Moonlight Basin in Big Sky, Montana had to put its real estate plans on hold yet again after concerns about wildlife impacts. The proposed development area is directly adjacent to the Lee Metcalf Wilderness, which is prime habitat for grizzly bears, wolverine, elk, wolves, and many more species.
The Madison County Planning Board put things on hold over 84 housing units to be built north of the golf course next to the wilderness boundary. Many locals, including Montana Fish, Wildlife and Parks submitted concerns over wildlife impacts in the area.
The Moonlight Basin real estate development was founded in 1992, with the ski area opening on the north side of Lone Peak in 2003. Despite attempts to become a private, high end development, Moonlight always had more of a locals vibe. The resort went bankrupt in 2009 and its 900 skiable acres were eventually incorporated into Big Sky Resort’s terrain in 2013.
While the skiing is public, the real estate portion is still trying to be a high end private club. They’ve got a big fancy guard house, a partially built golf course, and a private ski lodge, but not a whole lot else. If you take a quick drive through the area you’ll see some condos and a few big houses, but mostly just lots and lots of trees.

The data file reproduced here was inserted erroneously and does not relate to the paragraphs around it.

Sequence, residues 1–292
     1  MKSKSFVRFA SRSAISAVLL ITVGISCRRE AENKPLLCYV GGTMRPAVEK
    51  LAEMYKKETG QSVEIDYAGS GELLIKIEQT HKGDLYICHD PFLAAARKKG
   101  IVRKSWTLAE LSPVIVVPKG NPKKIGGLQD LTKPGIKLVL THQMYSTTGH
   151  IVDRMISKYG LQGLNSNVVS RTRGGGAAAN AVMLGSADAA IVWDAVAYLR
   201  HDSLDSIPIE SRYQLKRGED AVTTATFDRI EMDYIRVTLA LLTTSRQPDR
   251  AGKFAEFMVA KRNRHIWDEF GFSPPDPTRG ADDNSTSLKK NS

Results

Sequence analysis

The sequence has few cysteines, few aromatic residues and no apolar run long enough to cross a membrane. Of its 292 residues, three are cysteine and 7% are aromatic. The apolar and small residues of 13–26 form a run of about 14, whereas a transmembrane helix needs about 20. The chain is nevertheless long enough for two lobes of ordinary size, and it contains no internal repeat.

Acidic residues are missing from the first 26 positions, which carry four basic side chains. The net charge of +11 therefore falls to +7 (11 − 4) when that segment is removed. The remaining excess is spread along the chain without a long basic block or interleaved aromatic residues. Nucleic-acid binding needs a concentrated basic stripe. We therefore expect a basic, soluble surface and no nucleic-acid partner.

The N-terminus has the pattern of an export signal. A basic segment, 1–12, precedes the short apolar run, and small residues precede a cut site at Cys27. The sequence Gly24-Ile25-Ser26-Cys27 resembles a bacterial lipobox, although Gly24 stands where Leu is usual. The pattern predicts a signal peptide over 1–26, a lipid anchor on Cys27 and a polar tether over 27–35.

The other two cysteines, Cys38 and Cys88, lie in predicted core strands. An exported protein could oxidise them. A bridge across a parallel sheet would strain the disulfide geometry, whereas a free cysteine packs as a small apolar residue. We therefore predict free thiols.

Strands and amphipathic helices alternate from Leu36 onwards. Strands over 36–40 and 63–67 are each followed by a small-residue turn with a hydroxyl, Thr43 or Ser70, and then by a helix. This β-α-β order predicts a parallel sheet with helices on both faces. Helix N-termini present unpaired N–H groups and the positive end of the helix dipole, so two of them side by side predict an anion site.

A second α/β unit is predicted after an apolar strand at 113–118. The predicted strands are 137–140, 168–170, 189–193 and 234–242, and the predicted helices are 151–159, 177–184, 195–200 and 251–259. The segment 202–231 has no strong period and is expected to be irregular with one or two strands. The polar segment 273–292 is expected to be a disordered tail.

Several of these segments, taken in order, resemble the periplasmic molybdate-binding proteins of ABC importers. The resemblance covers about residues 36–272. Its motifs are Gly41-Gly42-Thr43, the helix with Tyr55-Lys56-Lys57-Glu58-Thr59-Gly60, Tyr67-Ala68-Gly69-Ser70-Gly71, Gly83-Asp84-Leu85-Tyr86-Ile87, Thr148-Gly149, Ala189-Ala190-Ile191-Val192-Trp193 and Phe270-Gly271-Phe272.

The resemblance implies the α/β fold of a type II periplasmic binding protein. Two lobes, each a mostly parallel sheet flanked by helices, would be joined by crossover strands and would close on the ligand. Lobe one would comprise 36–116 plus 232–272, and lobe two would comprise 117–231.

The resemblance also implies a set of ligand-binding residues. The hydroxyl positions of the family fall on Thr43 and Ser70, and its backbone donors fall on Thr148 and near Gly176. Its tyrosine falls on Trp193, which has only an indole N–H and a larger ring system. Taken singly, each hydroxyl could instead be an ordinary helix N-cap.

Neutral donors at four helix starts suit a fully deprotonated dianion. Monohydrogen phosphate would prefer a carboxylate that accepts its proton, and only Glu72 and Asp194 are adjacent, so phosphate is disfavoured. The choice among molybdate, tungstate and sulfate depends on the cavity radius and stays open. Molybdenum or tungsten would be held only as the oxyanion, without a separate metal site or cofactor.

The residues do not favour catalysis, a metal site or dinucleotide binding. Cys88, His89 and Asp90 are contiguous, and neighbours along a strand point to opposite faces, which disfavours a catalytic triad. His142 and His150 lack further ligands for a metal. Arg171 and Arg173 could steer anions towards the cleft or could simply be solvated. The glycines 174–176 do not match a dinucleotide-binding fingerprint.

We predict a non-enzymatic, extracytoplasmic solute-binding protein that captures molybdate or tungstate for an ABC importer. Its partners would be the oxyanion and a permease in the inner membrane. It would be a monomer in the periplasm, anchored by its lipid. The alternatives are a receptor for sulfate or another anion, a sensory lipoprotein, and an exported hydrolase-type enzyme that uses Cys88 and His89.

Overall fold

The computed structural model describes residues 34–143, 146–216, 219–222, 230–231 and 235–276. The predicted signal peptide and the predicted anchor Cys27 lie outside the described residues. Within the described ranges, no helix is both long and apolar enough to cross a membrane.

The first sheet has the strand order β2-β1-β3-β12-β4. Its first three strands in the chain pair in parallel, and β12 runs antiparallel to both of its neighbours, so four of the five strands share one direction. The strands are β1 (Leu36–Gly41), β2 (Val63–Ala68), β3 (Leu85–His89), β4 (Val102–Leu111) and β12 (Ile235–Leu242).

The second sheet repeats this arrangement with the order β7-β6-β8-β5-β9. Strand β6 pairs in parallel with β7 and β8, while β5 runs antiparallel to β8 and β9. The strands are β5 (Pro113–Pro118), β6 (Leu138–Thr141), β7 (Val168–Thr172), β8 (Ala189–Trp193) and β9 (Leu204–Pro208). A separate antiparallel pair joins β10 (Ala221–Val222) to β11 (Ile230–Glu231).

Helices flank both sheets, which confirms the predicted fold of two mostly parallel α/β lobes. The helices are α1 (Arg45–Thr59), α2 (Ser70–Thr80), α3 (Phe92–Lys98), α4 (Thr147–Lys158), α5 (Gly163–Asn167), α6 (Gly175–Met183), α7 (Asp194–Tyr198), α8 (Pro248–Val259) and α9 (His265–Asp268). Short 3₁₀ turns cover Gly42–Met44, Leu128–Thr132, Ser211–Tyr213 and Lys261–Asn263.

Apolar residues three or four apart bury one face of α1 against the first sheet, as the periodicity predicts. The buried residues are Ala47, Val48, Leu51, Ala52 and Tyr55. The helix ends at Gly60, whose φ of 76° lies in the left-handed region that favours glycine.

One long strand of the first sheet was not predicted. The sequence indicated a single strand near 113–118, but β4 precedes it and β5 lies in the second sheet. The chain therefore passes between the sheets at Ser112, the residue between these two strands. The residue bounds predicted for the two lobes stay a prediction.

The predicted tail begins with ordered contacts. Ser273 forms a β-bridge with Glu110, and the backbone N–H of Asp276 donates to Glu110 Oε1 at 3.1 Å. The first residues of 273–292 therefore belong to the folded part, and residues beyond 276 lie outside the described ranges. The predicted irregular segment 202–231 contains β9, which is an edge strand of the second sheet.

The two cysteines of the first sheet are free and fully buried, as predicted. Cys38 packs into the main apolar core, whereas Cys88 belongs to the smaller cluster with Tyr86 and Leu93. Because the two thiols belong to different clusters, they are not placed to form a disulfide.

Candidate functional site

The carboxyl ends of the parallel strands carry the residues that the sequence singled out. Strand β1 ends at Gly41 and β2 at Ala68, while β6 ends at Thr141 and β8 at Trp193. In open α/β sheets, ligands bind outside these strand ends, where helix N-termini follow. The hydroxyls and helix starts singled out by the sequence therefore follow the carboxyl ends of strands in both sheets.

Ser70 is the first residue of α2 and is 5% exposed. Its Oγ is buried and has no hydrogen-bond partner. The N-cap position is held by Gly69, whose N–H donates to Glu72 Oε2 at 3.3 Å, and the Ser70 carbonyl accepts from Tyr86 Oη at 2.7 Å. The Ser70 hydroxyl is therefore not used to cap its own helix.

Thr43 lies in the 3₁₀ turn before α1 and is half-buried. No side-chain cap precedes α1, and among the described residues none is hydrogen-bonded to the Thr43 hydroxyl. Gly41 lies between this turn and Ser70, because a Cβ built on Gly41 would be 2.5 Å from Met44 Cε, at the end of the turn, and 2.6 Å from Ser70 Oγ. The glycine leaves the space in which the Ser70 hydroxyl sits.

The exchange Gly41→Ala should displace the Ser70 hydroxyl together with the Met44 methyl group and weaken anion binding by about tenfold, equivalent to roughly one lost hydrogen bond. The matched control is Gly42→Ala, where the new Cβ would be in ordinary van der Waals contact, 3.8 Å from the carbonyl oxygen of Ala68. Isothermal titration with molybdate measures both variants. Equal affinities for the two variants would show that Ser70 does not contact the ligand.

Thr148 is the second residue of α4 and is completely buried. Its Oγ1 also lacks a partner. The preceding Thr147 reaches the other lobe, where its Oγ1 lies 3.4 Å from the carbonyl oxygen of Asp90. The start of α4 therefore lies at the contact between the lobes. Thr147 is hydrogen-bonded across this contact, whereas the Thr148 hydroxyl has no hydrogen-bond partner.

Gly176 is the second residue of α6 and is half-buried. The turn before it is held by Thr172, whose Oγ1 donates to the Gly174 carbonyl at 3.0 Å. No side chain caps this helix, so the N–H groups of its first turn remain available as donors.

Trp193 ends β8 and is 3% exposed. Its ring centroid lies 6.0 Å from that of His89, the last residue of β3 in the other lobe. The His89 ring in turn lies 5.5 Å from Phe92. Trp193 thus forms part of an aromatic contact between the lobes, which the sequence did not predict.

Lone Mountain Land Company wants to build more than 1,600 residences on Moonlight’s 25,000 acres of land. The plans also include 270,000 square feet of commercial space, a five-star hotel, employee housing, and two new chairlifts. The development was approved way back in 2007, but has been delayed for one reason or another for the past decade. Kevin Germain, the V.P. of Moonlight Basin, hopes the latest delay will give them more time to address the wildlife impacts, and will be back in front of the planning Board by August.
Even thought they sound like the big bad developer, Moonlight is admirably focused as much on conservation as making money. About 14,500 acres of the land was purchased under a conservation easement and will never be developed. The resort even has plans to strictly enforce wildlife related rules like food storage and bear proof garbage cans.
With construction projects popping up left and right in the Big Sky area, the once sleepy ski town is getting busier every year.